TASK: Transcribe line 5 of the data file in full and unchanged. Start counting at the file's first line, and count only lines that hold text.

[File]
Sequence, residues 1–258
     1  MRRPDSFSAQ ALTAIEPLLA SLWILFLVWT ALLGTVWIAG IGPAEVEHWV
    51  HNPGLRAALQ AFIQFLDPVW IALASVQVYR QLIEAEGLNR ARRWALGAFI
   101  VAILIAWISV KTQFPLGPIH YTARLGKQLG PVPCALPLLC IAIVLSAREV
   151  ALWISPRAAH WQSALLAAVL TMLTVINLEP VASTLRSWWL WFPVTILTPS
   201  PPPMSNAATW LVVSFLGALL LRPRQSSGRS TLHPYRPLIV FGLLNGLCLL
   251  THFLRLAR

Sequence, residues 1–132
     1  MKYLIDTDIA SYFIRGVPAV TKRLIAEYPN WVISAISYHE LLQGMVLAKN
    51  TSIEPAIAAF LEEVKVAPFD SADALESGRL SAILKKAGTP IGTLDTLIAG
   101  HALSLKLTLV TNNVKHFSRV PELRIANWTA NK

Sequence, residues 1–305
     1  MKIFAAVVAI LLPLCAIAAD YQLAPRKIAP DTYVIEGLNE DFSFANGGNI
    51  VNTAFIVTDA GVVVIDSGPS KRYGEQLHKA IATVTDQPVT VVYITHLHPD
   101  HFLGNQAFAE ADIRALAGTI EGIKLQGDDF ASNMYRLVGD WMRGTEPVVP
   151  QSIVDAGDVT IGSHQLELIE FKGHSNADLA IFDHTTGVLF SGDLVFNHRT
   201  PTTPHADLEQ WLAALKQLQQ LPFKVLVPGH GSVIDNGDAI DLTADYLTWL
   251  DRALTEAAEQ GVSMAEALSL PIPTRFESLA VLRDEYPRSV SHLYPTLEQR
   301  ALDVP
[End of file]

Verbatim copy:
   151  ALWISPRAAH WQSALLAAVL TMLTVINLEP VASTLRSWWL WFPVTILTPS